Microsoft word - endodontic _root canal_ treatment

Post Treatment Instructions for Endodontic (root canal) Treatment What to Expect:
1. It is not uncommon for the tooth to still be uncomfortable in the first few days following treatment. The area around the tip of the root(s) of the tooth needs time to heal. Your dentist may have given you prescriptions for pain medication and/or antibiotics. Taking theses prescriptions as prescribed will make you more comfortable while healing occurs. 2. Your tooth may be sensitive to biting pressure and may feel loose for several days. This is not abnormal and should last only a few days. 3. You may feel a depression or rough area (on the top of a back tooth or the back of a front tooth) where the access to the pulp was made. This is a soft, temporary filling material that was placed to temporarily close the opening. The material may wear as you chew on it, but it extends far into 4. Occasionally a small "bubble" or "pimple" will appear on the gum a few days after treatment. This represents the release of pressure and bacteria from the infected area around the tip of the root of the tooth. It should disappear within a few days as healing progresses. 5. It is normal for it to take a few days for your symptoms to subside. The important factor is that the tooth should gradually feel better by 3 to 4 days following treatment. In general, the longer the pain was present prior to treatment, the longer it will take to subside. What You Should Do or Not Do
1. If you were given prescriptions for antibiotics (Penicillin, Keflex, Erythromycin, Clindamycin, etc.) and/or pain medications (Vicodin, Tylenol #3, Darvocet, Ultracet, Lortab, Motrin, etc.) please fill them immediately and begin taking them as prescribed. You should begin the pain medication as soon as possible and not later than one hour after your appointment in order to allow it to take 2. Take the full course of the antibiotics (usually 7 or 10 days) even if the tooth begins to feel better before you finish them. In general, it is best not to take both the antibiotic and the pain medication at the same time because this can cause gastrointestinal problems. For the same reason, it is best if you do not take the medications on an empty stomach unless the instructions specifically state to take on an empty stomach. The pharmacist will give you a sheet for each medication that lists precautions and side effects. Please read these sheets. Be particularly careful when taking pain medications, because they can make you drowsy. You should not operate an automobile or other machinery when taking these medications. If your discomfort is minimal, and you do not feel that you need the prescription strength pain medication, over-the-counter pain medications like ibuprofen (Advil, Motrin, Nuprin, etc.) or acetaminophen (Tylenol) may be adequate. 3. Eat soft nutritious foods or liquids at regular meal times. You need nutrition to promote healing, maintain blood sugar levels, and make you feel better. Failure to maintain proper nutrition also leads to increased side effects from medications. 4. In order decrease discomfort, try to chew on the opposite side from the tooth that was treated and avoid unnecessary chewing (chewing gum, etc.). 5. Avoid hard foods that may fracture the tooth or temporary filling. 6. Avoid sticky foods (caramels, taffy, etc.) which could dislodge your temporary filling. 7. Brush and floss your teeth as normal. Please contact your doctor if:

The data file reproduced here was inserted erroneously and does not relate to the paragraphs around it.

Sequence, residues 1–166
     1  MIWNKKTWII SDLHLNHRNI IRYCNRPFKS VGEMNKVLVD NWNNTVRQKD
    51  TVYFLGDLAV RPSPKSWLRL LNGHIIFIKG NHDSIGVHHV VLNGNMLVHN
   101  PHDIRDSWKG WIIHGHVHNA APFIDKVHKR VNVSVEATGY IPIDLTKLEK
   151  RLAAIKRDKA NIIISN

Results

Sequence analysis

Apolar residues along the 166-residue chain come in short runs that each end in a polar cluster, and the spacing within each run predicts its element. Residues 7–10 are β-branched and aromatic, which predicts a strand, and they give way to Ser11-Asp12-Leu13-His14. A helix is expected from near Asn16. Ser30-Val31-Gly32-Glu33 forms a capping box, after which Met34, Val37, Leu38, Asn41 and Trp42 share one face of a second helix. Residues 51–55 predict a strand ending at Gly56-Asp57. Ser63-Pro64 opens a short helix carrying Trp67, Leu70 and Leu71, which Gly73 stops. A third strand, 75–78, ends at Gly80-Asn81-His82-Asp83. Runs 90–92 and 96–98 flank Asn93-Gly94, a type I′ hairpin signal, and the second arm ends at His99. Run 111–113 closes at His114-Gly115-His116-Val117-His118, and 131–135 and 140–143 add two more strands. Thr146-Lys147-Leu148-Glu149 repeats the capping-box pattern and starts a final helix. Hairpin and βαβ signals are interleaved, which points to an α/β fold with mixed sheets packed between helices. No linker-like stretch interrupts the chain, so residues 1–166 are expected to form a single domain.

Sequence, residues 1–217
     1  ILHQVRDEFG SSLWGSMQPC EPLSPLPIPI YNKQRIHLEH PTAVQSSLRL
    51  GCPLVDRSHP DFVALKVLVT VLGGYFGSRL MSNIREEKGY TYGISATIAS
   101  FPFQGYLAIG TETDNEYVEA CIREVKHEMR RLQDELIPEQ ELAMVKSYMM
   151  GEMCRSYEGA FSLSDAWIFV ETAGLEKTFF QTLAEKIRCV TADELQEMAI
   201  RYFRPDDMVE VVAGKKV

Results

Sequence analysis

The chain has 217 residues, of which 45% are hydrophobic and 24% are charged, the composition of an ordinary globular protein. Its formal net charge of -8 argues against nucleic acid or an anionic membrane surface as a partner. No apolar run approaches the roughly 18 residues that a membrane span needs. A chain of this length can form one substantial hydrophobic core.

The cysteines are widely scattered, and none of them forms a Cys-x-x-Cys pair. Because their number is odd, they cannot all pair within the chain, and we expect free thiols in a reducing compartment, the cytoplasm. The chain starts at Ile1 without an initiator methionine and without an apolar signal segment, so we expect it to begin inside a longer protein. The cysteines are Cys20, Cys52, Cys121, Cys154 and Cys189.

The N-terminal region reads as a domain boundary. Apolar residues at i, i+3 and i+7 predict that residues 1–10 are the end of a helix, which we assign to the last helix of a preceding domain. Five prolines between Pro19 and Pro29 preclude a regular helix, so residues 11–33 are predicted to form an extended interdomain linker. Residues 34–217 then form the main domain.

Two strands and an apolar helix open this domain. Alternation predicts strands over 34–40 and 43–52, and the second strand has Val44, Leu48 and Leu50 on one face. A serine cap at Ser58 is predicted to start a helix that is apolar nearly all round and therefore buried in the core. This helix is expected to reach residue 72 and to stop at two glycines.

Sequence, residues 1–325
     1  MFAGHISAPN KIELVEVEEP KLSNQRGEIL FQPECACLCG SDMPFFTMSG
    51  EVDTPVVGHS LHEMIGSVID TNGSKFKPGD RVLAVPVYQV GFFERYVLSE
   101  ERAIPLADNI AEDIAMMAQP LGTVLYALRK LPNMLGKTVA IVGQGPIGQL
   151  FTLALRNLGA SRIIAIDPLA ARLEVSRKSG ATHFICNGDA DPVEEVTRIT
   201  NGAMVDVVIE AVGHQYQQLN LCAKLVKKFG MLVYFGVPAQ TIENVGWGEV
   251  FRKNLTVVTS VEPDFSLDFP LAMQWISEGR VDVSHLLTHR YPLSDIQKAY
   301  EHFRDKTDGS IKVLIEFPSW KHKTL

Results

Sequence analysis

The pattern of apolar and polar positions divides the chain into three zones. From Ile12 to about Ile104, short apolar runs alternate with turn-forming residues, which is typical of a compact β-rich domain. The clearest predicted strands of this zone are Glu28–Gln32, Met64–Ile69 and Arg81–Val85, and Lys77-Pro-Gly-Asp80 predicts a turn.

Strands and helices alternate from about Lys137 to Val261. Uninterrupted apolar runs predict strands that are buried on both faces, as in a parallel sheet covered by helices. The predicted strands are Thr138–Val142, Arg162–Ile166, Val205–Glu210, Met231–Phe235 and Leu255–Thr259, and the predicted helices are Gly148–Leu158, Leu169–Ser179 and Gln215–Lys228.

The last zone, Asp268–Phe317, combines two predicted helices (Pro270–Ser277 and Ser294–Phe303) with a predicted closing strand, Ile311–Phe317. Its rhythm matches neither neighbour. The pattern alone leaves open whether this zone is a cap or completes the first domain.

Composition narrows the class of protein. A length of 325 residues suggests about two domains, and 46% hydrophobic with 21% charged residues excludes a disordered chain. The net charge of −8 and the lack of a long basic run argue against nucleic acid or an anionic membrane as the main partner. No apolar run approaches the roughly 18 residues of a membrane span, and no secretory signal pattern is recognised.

1. You have significant side effects from your medications that you cannot tolerate (itching, 2. Your encounter significant post-treatment swelling. 3. More than three days after treatment, you are experiencing no improvement in your symptoms. 5. The temporary filling material is dislodged or feels "high" when biting. 6. You body temperature goes above 101 degrees. Very Important
Teeth that have had root canal treatment normally need to have a crown (cap) placed on them as
soon as possible after the treatment is completed---unless advised otherwise by your dentist. This
prevents the fracture of the already brittle and damaged tooth. The most common cause of the
loss of a root canal treated tooth is failure to have a crown placed. Failure to do so makes the
tooth much more prone to fracture and/or become re-infected due to deterioration of the root
canal seal. The root canal is only the first step. Treatment is not complete until the crown is


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